[¶18] To determine whether the Nelsons had constructive notice, the district court was required to consider the information the Nelsons possessed when they purchased the property in June 2005. Harry Chornuk testified the Nelsons live about one-half mile north of the Chornuks' property and the Nelsons use a road running in front of the Chornuks' property to get to their house. Harry Chornuk testified the Nelsons also own the property to the south and to the east of the Chornuk property. Craig Nelson testified he drives past the disputed property daily and sometimes multiple times per day, he saw the Chornuks mowing the grass and watering the trees on the property and he knew Dahl was not using the property when he purchased it. Julie Nelson testified she drives by the property multiple times per day. She also testified that they knew the Chornuks were mowing and taking care of the property when they purchased it and that they thought they would be neighborly and let the Chornuks continue to use the property since it was next to the Chornuks' house. Craig Nelson testified he did not ask Dahl whether the Chornuks had purchased or were renting the property or whether Dahl had previously sold the property. He testified to knowing someone planted trees on the property and to seeing the Chornuks watering the trees and mowing the grass before he purchased the property.

[¶19] The district court did not make any specific findings about when the Chornuks' activities on the property occurred. However, the court is required to consider the information the purchaser possessed when the property was conveyed and sufficient evidence exists about the Chornuks' activities before the Nelsons purchased the property for the court to make findings. Evidence established the Chornuks mowed the property and performed other maintenance on the property every year since 1986, they installed the flower boxes a few years after they purchased the property and they planted the trees in the 1990s. We can infer the court's findings are based on the evidence of the Chornuks' activities prior to the Nelsons purchasing the property in 2005. See Rustad v. Rustad, 2014 ND 148, ¶ 15, 849 N.W.2d 607 (quoting P.A. v. A.H.O., 2008 ND 194, ¶ 14, 757 N.W.2d 58) (" When the district court fails to specifically address a particular item, . . . [the] court's findings of fact are not clearly erroneous if supporting evidence is

Page 593

'fairly discernable by deduction or inference' in the record." ).

[¶20] The Nelsons argue no evidence shows they knew who planted the trees or who installed the flower boxes on the property. They claim they only knew the Chornuks were mowing the grass and watering trees on the property, but that such evidence is not sufficient to support the court's finding they had notice of the Chornuks' interest and a duty to inquire. We do not agree.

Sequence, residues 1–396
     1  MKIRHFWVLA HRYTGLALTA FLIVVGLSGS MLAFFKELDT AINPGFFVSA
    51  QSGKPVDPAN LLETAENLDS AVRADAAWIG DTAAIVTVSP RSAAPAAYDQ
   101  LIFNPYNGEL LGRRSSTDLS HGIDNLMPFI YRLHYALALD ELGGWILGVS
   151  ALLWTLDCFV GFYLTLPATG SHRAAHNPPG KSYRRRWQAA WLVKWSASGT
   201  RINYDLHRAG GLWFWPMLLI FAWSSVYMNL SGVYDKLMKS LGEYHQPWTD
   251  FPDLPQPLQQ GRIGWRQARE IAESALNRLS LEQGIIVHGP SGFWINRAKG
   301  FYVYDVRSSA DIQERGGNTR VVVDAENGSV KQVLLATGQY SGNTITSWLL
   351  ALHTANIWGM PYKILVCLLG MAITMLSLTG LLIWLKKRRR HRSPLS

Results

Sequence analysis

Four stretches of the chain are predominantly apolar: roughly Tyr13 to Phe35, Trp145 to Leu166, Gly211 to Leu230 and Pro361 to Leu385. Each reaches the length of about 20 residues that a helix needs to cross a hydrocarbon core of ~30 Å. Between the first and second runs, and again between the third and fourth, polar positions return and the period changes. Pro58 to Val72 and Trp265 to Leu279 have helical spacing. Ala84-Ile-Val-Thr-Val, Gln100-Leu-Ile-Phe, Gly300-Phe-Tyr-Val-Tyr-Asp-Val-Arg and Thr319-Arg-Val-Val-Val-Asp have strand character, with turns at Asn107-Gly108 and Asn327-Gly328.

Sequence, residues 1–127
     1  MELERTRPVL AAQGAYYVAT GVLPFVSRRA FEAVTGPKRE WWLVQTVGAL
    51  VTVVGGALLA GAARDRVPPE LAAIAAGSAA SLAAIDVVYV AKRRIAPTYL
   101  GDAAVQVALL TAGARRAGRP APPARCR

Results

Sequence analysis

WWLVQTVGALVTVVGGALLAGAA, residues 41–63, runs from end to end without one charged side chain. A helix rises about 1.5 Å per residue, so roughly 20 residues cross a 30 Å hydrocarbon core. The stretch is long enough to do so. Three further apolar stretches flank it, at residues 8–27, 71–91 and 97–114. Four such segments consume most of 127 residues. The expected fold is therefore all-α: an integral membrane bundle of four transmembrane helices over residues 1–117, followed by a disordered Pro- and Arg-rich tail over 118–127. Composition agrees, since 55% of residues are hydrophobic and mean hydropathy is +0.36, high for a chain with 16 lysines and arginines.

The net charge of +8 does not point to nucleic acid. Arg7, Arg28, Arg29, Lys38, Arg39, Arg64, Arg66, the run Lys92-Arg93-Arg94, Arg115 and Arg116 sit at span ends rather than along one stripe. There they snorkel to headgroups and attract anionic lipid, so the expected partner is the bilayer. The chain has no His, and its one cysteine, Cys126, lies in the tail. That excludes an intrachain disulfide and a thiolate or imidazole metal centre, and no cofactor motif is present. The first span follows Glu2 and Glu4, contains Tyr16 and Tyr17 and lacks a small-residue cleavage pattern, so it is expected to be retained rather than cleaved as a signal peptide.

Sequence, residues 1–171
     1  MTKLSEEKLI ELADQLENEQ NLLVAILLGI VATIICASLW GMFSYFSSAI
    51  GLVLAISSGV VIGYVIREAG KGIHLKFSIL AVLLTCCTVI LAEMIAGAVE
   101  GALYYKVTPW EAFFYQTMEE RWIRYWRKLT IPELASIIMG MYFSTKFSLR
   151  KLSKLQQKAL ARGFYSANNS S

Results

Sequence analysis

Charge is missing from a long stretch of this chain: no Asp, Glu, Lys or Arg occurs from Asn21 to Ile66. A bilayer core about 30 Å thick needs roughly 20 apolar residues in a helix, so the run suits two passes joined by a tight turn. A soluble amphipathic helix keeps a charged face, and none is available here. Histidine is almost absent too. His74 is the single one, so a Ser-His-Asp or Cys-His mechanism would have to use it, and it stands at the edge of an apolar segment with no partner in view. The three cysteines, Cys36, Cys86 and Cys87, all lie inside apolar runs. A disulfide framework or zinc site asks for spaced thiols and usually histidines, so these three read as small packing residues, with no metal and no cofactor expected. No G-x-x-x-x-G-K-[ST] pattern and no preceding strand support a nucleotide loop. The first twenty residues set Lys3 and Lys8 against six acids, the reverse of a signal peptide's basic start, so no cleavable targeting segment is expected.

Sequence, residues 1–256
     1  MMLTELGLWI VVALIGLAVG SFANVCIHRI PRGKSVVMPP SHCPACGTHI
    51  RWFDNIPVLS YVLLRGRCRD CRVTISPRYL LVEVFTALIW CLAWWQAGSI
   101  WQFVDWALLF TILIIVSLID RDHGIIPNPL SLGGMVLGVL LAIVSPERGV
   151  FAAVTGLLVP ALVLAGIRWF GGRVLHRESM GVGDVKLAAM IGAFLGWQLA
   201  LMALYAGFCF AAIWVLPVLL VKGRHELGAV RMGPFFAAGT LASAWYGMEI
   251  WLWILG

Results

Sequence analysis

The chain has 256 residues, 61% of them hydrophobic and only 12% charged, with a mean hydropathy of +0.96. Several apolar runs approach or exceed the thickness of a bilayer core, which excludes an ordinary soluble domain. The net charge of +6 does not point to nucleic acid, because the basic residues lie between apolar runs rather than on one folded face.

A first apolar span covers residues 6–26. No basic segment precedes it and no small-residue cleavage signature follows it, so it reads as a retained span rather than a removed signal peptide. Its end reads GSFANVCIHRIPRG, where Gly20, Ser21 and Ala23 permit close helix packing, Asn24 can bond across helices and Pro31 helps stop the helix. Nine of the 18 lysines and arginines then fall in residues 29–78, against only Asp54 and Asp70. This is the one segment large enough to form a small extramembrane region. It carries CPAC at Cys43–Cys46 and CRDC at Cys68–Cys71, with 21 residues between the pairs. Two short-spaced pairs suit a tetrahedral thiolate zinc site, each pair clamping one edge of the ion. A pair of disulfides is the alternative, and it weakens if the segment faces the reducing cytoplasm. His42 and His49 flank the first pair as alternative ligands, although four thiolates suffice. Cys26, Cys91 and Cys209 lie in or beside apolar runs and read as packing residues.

[¶21] Evidence established the property is located adjacent to the Chornuks' house and trees were planted on the edge of the property creating a border around the Chornuks' property, including around the disputed property. Although the Nelsons did not testify that they knew who planted the trees or installed the flower boxes, they testified they were aware someone planted the trees and they knew the Chornuks were using and maintaining the property. There also was evidence the Chornuks watered the trees and the Nelsons were aware the Chornuks were caring for the property. Evidence also established the Nelsons knew the Chornuks were mowing the grass and performing other general maintenance on the property. The Nelsons testified they drive by the property multiple times per day and they knew Dahl had not been using the disputed property when they purchased it. The district court could make reasonable inferences based on the evidence. See State ex rel. Heitkamp v. Family Life Servs., Inc., 2000 ND 166, ¶ 26, 616 N.W.2d 826. The open and notorious possession and occupancy of property by a person other than the grantor is sufficient to charge a purchaser with knowledge of the rights of the occupant. See Farm Credit Bank of St. Paul v. Martinson, 478 N.W.2d 810, 813 (N.D. 1991); Agricultural Credit Corp. v. State, 74 N.D. 71, 78, 20 N.W.2d 78, 81 (1945). The court found the Chornuks' possession and occupancy was open and notorious. The evidence supports the court's finding the information the Nelsons possessed prior to purchasing the property was sufficient to put a prudent person on notice and give them reasonable grounds to believe a conflicting right existed. The Nelsons had constructive notice of the Chornuks' interest in the property.

[¶22] The evidence supports the court's findings about the Chornuks' activities on the property and that the Nelsons had constructive notice of the Chornuks' interest in the property. The Nelsons admit they did not inquire about the Chornuks' interest before purchasing the property from Dahl. Because the evidence supports the district court findings, the Nelsons were not good-faith purchasers.

IV

[¶23] We conclude the Nelsons were not good-faith purchasers and the district court did not err in quieting title to the property in the Chornuks. We considered all remaining issues or arguments and conclude they either are unnecessary to our decision or are without merit. We affirm the judgment and amended judgment.

[¶24] Daniel J. Crothers, Lisa Fair McEvers, Dale V. Sandstrom, Gerald W. VandeWalle, C.J., Allan L. Schmalenberger, S.J.

[¶25] The Honorable Allan L. Schmalenberger, S.J., sitting in place of Kapsner, J., disqualified.